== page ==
As the world gears up for the Cannes International Film Festival in May, a consultant for the Venice film festival visited Manila last March for his annual hunting expedition.
Paolo Bertolin told the Inquirer that he usually comes to Asia this time of the year to look for possible films he can recommend to the various festivals he works with—Venice and Udine, as well as the Vision du Réel documentary section of the Nyon fest in Switzerland.
For the Udine Far East Film Festival in Italy, ongoing till April 28, Bertolin “discovered” Antoinette Jadaone’s “Six Degrees of Separation from Lilia Cuntapay.”
(The other Filipino film in this year’s Udine is Marlon Rivera’s “Ang Babae sa Septic Tank.”)
“I’m so proud of ‘Six Degrees.’ It’s a must-see. If it were up to me, I would’ve included it in the lineup of the world’s top festivals,” Bertolin said of Jadaone’s film.
Little-known gems like “Six Degrees” affirm Bertolin’s confirmed appreciation of Philippine cinema.
Impressed by indies
“Every time I am in Manila, I am impressed by the excitement that pervades the indie film scene,” he remarked. “Here, cinema is still relevant. I am likewise struck by the youth of the producers, writers, and directors.”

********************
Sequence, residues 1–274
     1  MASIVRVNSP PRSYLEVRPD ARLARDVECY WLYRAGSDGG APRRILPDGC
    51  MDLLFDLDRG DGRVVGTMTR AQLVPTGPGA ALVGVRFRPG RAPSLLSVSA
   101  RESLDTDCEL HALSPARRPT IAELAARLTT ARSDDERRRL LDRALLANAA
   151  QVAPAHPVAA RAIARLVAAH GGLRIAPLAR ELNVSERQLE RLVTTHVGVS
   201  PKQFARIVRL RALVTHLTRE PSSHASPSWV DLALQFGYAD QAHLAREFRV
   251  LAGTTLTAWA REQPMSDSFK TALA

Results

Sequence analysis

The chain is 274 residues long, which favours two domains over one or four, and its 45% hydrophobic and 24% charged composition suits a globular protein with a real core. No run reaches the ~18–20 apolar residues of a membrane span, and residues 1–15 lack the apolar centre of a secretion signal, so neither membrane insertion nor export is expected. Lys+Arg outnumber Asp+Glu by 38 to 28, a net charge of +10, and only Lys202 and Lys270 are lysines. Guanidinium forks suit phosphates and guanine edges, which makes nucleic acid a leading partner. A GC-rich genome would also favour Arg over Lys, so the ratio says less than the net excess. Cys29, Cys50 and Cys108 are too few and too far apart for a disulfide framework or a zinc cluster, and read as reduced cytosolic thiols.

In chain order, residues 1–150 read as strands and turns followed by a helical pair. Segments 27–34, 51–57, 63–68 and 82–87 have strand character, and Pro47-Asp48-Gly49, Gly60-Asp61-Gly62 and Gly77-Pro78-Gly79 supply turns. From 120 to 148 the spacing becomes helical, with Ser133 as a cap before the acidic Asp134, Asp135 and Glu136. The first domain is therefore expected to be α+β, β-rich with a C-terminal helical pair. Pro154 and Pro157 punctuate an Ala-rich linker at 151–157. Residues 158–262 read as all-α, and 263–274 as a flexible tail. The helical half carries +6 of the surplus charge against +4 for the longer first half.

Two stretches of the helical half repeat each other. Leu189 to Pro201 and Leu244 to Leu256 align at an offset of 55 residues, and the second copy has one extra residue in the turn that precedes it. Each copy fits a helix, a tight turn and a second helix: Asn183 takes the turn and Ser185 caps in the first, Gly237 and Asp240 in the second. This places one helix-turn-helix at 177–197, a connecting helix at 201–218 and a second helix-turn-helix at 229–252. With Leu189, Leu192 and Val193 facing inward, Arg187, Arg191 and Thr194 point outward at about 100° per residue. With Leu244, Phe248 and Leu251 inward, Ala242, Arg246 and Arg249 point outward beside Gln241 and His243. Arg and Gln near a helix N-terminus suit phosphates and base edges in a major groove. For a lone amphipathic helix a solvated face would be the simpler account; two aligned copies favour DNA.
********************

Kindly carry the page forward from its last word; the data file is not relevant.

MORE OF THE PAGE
Bertolin was referring not only to chronological age, but to the youthful energy of indie filmmakers.
He pointed out veteran filmmaker Mario O’Hara, who ventured into digital filmmaking with “Ang Paglilitis ni Andres Bonifacio.”
O’Hara’s work is marked by “sheer joy,” Bertolin pointed out. “You could see that he was happy to make movies again. The passion in Philippine cinema is evident. I don’t see that in other countries.”
He related that filmmakers elsewhere were jaded. He said it was often all about recognition. “But Filipino filmmakers truly want to say something important. They love cinema.”
There was no question about the diversity of film talents in the country, he said; it was more of having a systematic way of finding them.
He lauded the institutional support given by digital festivals like Cinemalaya, Cinema One and Cinemanila, but wondered how to reach directors outside the radar.
He counseled filmmakers to take charge of their projects and post information material on their films online.
“A simple, short synopsis, will suffice, along with the filmmakers’ contact numbers,” he said.
He would’ve wanted to meet with various Filipino filmmakers (including Erik Matti and Ray Defante Gibraltar, among others), but his three-day visit was too short.
Info kits on the latest local movies, as well as trailers, would be a big help in his research work, he said.
He plans to return in June, to serve as juror in a Davao film festival.